Sunday, September 5, 2010

The Lady and the Unicorn

"The Lady and the Unicorn" (French: La Dame à la licorne), also called the Tapestry Cycle, is the title of a series of six Flemish tapestries depicting the senses. They are estimated to have been woven in the late 15th century in the style of mille-fleurs.

The lady depicted in the tapestry called Taste, is conjectured to have been Blanche of Lancaster (1345-1369), 1st wife of John of Gaunt, Duke of Lancaster. Blanche was the daughter of Henry of Grosmont, 1st Duke of Lancaster and his wife, Isabel de Beaumont. Her paternal great-great-grandfather was Henry III of England. Dying of the plague in 1369, Blanche was said to have had blue eyes, fair hair and skin, and a calm and serene demeanor. She was living in Bolingbroke Castle at the time of her death, while her husband was away. Her funeral at St. Paul's Cathedral in London was preceded with a magnificent cortege attended by most of the nobility and clergy. John of Gaunt held annual commemorations of her death for some years thereafter.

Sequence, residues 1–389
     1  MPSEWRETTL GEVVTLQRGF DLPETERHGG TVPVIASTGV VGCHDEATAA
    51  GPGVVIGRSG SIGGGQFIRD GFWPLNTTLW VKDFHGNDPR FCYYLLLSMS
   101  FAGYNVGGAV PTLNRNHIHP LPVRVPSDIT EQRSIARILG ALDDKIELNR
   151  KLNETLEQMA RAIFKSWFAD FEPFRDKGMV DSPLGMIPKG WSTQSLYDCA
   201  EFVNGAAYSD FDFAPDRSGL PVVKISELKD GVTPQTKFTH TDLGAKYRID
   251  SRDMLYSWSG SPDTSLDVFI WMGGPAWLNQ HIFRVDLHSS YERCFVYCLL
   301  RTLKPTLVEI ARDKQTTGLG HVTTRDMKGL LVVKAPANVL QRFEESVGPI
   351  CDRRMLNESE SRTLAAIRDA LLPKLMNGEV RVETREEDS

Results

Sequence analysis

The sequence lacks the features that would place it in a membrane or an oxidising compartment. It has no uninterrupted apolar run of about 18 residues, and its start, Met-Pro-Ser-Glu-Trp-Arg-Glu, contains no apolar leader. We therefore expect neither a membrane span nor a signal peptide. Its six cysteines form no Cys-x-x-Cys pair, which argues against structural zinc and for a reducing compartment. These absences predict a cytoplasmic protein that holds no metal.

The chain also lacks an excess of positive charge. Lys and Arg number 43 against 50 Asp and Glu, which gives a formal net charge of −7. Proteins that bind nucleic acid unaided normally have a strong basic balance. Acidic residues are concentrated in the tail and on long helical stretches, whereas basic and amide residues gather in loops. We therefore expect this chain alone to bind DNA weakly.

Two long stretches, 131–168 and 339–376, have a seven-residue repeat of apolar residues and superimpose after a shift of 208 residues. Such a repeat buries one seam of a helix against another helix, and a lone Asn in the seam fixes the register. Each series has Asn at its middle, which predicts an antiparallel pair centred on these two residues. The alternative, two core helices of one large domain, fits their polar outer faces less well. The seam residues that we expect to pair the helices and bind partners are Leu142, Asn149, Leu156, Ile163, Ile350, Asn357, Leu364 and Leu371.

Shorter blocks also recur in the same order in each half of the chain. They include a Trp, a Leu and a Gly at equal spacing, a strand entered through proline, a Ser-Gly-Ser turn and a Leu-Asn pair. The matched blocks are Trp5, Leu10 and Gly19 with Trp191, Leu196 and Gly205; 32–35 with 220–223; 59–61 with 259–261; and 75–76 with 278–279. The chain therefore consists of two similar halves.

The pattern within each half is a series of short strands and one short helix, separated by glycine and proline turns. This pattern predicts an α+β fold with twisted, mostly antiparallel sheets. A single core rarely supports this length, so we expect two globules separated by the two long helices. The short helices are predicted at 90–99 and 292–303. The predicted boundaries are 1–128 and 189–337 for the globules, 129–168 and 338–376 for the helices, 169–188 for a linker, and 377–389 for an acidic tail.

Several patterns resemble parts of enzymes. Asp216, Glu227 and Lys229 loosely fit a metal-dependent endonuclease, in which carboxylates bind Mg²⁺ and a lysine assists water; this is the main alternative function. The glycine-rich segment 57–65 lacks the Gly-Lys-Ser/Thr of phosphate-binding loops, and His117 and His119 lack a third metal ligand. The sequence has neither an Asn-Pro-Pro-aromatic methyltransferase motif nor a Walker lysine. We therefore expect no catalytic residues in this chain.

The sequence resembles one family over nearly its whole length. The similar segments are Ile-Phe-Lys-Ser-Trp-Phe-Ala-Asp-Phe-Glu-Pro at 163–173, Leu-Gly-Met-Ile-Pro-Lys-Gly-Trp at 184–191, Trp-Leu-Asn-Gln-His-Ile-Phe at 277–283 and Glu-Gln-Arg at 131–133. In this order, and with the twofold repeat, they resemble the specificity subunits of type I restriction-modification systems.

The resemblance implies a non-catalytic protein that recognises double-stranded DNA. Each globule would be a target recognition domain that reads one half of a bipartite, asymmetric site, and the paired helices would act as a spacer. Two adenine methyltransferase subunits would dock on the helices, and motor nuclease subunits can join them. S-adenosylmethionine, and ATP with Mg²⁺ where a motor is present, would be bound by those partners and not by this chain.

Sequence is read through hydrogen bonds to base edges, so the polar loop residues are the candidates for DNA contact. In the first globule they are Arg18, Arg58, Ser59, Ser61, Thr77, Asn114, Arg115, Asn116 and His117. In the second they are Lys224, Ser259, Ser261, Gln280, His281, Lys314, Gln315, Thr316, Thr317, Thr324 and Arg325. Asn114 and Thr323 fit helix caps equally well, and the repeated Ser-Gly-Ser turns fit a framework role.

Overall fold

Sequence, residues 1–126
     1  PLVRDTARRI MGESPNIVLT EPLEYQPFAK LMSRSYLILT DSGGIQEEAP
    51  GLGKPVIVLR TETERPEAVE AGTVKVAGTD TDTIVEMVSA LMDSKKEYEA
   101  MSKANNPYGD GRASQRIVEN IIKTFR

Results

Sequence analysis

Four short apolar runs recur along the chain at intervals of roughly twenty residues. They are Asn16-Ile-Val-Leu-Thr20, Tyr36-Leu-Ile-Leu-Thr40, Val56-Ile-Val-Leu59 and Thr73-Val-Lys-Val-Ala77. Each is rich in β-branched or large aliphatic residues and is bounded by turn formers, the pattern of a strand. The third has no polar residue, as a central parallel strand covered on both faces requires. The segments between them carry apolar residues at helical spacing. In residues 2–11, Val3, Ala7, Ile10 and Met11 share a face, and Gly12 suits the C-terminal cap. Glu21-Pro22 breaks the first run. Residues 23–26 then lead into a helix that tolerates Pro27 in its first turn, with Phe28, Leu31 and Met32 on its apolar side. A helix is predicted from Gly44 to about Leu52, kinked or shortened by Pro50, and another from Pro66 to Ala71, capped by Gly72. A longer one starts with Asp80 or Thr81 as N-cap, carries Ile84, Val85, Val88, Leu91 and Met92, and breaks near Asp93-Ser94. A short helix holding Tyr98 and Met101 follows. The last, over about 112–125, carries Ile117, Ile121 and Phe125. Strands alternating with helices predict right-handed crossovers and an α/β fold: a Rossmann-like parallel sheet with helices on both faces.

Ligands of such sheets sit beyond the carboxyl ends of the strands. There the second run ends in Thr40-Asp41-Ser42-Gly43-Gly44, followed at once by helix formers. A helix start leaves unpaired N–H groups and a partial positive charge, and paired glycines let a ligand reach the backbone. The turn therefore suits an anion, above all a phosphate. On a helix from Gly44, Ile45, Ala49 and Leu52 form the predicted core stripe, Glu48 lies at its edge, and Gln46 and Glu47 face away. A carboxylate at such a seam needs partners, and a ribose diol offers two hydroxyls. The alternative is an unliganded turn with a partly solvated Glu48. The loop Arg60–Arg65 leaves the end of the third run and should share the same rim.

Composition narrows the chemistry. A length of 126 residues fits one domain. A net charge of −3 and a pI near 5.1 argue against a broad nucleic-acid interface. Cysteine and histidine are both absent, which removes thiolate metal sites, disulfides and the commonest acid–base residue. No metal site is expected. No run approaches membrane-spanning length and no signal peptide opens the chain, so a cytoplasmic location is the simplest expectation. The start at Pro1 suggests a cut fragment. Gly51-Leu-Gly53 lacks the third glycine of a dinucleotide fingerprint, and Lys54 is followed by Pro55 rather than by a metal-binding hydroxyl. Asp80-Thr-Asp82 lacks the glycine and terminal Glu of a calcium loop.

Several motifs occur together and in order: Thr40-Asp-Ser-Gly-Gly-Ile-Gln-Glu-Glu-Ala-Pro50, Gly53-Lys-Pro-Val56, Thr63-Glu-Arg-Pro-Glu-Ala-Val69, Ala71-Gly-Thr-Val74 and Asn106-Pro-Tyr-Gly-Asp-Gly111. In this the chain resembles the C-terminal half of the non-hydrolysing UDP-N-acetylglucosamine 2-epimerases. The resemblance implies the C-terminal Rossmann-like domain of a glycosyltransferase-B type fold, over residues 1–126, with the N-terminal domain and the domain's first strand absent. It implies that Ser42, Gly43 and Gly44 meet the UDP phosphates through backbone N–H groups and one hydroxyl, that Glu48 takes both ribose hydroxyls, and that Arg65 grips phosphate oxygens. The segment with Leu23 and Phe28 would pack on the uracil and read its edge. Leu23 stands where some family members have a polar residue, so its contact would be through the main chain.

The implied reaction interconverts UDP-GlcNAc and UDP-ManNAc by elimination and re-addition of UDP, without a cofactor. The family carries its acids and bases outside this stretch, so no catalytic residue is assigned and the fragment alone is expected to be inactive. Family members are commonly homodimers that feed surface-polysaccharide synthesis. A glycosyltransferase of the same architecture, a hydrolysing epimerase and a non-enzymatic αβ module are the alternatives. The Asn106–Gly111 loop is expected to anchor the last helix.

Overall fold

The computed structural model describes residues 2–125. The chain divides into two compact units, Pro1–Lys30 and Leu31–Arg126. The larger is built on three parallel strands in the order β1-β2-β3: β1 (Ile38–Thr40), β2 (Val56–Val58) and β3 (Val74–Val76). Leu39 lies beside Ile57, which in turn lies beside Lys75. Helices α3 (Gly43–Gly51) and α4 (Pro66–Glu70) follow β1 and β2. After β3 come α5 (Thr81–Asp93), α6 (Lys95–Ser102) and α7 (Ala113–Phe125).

Though some scholars disagree, it is widely held that Gaunt's grief over the death of his duchess was immortalized by Chaucer in his work, The Booke of the Duchess.  See:

In the tapestry, the lion and the unicorn frame the Lady who, eyes turned towards a parrot in her right hand, is taking a sweet from the candy dish offered to her by her servant. Her little dog follows her every move; at her feet a leering monkey, eating a berry or a candy, highlights the significance of the scene.

Blanche's daughter, Elizabeth (wife of John Holand, 1st Duke of Exeter), is an ancestor of my "gateway" forebear, Capt. Philip Nelson of Rowley, Massachusetts.

Source: Musee de Nationale de Moyen Age,

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